Without doubt, the demonstrations, drawing school-age children, oil workers and others to the street in over 100 cities, represent the most-serious challenge to Iran's theocracy since the mass protests surrounding its disputed 2009 presidential election. It’s also clear that not only anger at Amini´s death is fuelling the ongoing demonstrations, but deep dissatisfaction with life under the regime. Iranians have lost hope for the future under the Islamic State. They have seen their life savings evaporate; the country's currency, the rial, has plummeted and Tehran's nuclear deal with world powers has been reduced to tatters. Above all, Iranians have lost their freedom. 

Still, there’s something new in the air in Iran. The promise of change is sweeping through the country like a breeze. The scenes of Iranian women triumphantly waving their scarves above their heads, or dancing and bravely burning their hijabs on bonfires in public, is far more impressive than the images of Iran’s security forces violently beating defenceless women for letting their hair down. “That’s the joy of being free from the slavery of repression”, says Masih. “The authorities can take everything away, family, home, friends and country, but they can’t take our hope from us”.

Change was Masih’s goal when she started her first campaign in 2014, to pressure the Iranian regime from the outside using social media. It began with a snapshot of Masih taken in London, running joyfully down the street, her signature cork screw curls flying in the wind. She posted the photo on her Facebook page with a message about how in her own country, this simple act would be illegal and could lead to arrest. It immediately spurred others to join her. Within days, a campaign was born called My Stealthy Freedom”, inviting women to share photos of themselves without their hijabs and to send her the evidence to publish on her Facebook page. Our cameras are our weapons”, states Masih in a rallying cry. Women appear powerless because the government has the power, guns, money and prisons” but women can defeat them by sharing the proof of their peaceful defiance”. The campaign took off launching an even bigger campaign for freedom on the streets of Iran and appeals to the international community.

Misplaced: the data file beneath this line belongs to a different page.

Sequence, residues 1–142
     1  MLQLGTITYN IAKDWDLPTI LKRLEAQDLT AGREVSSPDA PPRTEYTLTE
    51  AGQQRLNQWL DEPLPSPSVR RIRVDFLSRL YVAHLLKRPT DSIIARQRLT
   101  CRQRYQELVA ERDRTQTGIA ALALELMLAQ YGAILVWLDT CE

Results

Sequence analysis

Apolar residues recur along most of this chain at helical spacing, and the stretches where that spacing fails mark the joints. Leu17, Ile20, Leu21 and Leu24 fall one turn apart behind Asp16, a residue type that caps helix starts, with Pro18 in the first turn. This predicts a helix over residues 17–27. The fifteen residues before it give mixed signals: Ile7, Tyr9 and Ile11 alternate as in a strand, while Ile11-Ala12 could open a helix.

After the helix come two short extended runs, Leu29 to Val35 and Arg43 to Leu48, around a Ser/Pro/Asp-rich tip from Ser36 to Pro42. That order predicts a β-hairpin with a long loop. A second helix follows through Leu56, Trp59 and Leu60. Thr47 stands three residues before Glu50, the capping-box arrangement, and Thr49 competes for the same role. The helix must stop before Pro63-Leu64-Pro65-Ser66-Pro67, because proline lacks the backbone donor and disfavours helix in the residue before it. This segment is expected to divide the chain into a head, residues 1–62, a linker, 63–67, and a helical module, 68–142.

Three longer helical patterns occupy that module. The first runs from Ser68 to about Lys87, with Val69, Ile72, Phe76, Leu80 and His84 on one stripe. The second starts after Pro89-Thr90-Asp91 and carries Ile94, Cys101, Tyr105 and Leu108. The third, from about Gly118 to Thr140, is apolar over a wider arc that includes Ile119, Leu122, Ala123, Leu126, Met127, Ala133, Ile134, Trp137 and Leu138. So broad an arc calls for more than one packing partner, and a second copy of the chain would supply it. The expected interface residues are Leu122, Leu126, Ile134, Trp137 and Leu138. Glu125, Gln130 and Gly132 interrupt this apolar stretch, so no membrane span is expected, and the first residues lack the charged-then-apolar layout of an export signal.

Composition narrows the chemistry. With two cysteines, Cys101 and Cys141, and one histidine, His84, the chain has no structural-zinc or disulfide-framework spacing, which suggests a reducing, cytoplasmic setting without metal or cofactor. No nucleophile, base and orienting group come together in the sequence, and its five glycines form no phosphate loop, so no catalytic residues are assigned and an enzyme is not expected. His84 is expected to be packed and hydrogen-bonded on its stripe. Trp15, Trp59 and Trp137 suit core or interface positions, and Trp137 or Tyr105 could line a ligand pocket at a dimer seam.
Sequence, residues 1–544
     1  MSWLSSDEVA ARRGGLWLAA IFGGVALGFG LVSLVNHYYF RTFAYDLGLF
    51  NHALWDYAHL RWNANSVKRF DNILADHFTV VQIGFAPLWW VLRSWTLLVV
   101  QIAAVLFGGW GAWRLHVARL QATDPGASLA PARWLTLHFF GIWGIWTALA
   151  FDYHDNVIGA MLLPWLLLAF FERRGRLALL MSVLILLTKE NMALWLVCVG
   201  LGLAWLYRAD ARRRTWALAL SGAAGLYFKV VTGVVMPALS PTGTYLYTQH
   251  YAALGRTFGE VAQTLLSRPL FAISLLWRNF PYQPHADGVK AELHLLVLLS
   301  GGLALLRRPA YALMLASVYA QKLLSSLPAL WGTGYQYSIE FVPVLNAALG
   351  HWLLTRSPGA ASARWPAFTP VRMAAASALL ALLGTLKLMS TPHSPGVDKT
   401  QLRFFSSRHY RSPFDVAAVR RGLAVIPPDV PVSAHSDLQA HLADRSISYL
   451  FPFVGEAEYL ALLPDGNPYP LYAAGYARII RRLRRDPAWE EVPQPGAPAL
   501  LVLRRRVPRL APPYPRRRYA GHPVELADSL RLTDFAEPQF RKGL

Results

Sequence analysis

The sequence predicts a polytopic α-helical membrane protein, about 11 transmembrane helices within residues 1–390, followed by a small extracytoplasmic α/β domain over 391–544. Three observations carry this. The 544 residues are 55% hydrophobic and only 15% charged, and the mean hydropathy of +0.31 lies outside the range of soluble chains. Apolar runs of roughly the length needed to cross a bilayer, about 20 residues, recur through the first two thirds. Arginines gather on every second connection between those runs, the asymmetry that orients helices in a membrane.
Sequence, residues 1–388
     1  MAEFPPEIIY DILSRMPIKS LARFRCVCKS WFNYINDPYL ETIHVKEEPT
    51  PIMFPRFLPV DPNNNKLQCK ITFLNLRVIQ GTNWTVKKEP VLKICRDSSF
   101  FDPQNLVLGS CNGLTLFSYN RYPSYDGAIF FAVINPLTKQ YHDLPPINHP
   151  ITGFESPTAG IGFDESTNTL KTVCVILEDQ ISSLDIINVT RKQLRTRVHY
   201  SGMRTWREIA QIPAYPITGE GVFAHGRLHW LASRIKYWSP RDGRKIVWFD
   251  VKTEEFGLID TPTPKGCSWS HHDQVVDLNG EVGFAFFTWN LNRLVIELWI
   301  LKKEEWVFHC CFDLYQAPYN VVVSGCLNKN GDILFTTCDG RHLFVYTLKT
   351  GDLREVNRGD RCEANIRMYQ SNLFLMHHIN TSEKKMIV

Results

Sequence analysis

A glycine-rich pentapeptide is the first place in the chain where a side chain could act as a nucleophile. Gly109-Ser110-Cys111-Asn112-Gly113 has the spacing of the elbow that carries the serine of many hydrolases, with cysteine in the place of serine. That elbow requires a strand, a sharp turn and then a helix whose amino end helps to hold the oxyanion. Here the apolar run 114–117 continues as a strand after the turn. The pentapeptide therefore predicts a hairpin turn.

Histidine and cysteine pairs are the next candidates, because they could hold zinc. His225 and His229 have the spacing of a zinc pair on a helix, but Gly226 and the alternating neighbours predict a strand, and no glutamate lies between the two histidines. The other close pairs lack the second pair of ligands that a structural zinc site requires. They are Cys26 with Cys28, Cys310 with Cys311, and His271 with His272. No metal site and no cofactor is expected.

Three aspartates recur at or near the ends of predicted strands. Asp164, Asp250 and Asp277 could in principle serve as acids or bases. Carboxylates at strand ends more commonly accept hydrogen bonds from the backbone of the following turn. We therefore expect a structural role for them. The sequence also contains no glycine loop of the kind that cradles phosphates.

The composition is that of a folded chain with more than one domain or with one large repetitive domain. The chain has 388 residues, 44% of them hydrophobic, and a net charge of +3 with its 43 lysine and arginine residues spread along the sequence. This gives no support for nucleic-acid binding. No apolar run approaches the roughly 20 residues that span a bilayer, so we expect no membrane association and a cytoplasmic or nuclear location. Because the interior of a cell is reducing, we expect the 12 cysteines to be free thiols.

But, Masih is also disgruntled with the Free World which she claims is dragging it’s feet instead of taking strong action against the Islamic regime. She has spoken out against the sanctions imposed on Iran in 2009 that left the poorer poorer while the Supreme Leader Ayatollah Ali Khamenei increased the budget so the morality police could tighten its control Iranian on women. She says, “Iranians already live under government sanctions which deprive us of decent health care, freedom and prosperity”. She has also begged democratic leaders not to focus on a nuclear deal without demanding Tehran deliver on human rights for women in Iran.
But above all, she has decried the silence of western feminists who declare “my body my choice” but do nothing to support women who have no choice, whose bodies are used as a political battleground. “Why don’t they come to the streets and give a voice to these innocent people and show their sisterhood”, says Masih. “Islamic State means from the age of seven, girls in Iran have to cover their hair and wear loose clothing. No hijab means no education, no going out, no job, being legitimately beaten, imprisoned, raped and killed”.

Masih warns the Free World it stands at a crossroads, “either the democratic countries unite to end Islamic terror, or the Islamic terrorists will unite and they will end democracy”.

Dona Ora